Hog Wild!

Excited for pigs. Image courtesy of riverda via Flickr.

Right next to the goats, on the paper with all of our goals on it, on our map of the future farm, and in our hearts (ok, maybe not in our hearts) are pigs! While the idea of raising them seems appealing (at least to me), the idea of freshly smoked bacon makes me go hog wild. I will have to curb my enthusiasm a little bit though, since we aren’t planning on starting them until the spring of 2016, but I have a feeling that that will be here before I know it, especially considering how many other enterprises and projects are already demanding our attention.
In the meantime, we hope to prepare a home for them next summer. This will involve some type of lean to and fence. Then we will buy a few piglets and be on our way come the following spring. Shortly afterwords, I hope to construct a small building to be used as an old-fashioned smokehouse. Unfortunately, such a smokehouse does not come remotely close to meeting government standards, so the old-fashioned smoked hams and bacon will be just for us and some family.

 As with everything we are planning on doing, we intend to start out small and slow with a potential for growth if we like it and if there seems to be a market for it. The first year we will buy a few piglets and raise them, likely keeping one for ourselves and selling the others as freezer pigs. When I say freezer pigs, I mean that a person would buy the “live” animal, so then, since it belongs to them, there does not have to be as much government inspection on it. We would take it to the butcher, and they could pick it up from him.

Breaking even on this venture, or even making a small profit, will depend a lot on how we go about feeding the pigs, and, of course, our ability to sell them. The easiest and most expensive option for feed is to buy pig feed as needed. Finding a place to buy it in bulk would make it a little cheaper, and supplementing it with other foods makes it even cheaper than that. Other foods could include just allowing them to forage if we give them enough space to do so, but it could also include basically any expired food (such as milk, bread products, eggs, or yogurt) and any extra fruits and vegetables from the garden (one guy told me about all the pumpkins they got for them after halloween). Though it is illegal to give pigs for sale table scraps (to avoid giving human diseases to pigs and then back to humans when dinner time comes), it is perfectly acceptable to go to a supermarket and ask for their expired products.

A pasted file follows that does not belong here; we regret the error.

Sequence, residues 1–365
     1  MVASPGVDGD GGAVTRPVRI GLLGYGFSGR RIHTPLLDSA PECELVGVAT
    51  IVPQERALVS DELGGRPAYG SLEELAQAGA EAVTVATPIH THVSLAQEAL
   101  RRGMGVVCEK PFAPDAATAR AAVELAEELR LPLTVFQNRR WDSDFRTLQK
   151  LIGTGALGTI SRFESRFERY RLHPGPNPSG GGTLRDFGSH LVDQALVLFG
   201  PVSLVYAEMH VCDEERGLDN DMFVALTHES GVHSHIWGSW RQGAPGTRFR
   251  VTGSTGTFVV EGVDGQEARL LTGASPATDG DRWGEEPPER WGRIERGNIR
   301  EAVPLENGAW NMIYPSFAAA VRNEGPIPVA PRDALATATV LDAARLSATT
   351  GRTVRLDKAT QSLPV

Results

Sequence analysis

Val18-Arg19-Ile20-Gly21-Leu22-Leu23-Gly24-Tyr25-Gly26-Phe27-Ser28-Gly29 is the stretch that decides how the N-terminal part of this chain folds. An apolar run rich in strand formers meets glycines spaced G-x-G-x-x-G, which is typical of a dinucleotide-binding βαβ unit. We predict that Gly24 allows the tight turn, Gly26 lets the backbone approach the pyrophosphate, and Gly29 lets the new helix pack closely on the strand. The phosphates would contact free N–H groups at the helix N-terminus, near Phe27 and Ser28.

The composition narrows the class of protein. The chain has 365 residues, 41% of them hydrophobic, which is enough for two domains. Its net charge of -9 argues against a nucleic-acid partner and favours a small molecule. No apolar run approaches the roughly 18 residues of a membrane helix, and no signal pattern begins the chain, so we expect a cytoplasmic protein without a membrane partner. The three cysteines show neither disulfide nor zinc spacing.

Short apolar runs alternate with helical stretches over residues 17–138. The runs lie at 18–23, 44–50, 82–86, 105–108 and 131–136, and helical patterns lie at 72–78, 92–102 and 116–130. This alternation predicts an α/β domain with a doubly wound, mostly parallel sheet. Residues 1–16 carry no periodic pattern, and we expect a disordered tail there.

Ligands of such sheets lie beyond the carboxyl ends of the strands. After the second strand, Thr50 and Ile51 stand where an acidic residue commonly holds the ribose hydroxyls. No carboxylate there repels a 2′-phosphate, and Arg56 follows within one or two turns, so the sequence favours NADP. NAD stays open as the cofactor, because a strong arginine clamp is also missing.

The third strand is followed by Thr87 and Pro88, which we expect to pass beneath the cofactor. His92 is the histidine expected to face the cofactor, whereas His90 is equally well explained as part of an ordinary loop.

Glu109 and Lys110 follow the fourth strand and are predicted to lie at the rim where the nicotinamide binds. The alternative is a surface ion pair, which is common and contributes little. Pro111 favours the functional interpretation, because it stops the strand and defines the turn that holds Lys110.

If we want to continue and expand the pig project, we may well decide to keep a sow or two and try birthing our own piglets. This would add a bit more work, but it would also make us more self-sufficient, give us a cheaper source of piglets, and add to the old-time farm feel that we are shooting for. We may continue to add more sows to the business if we desire to expand this enterprise, however, we are many years removed and much experience away from even considering keeping a boar.

Pigs get big… fast. It takes them about 6 months to go from a cute little piglet only weighing a few pounds to a 230 pound behemoth that needs to be butchered before it keeps growing (I remember reading an article about a wild hog at 850 lbs, and thinking then that boar hunting in the middle ages was no joke). While those who have gone before us tell me that pig raising is not very hard, it will certainly be an adventure where we learn a lot of new things.

Mm, bacon. Image courtesy of Jim via Flickr.

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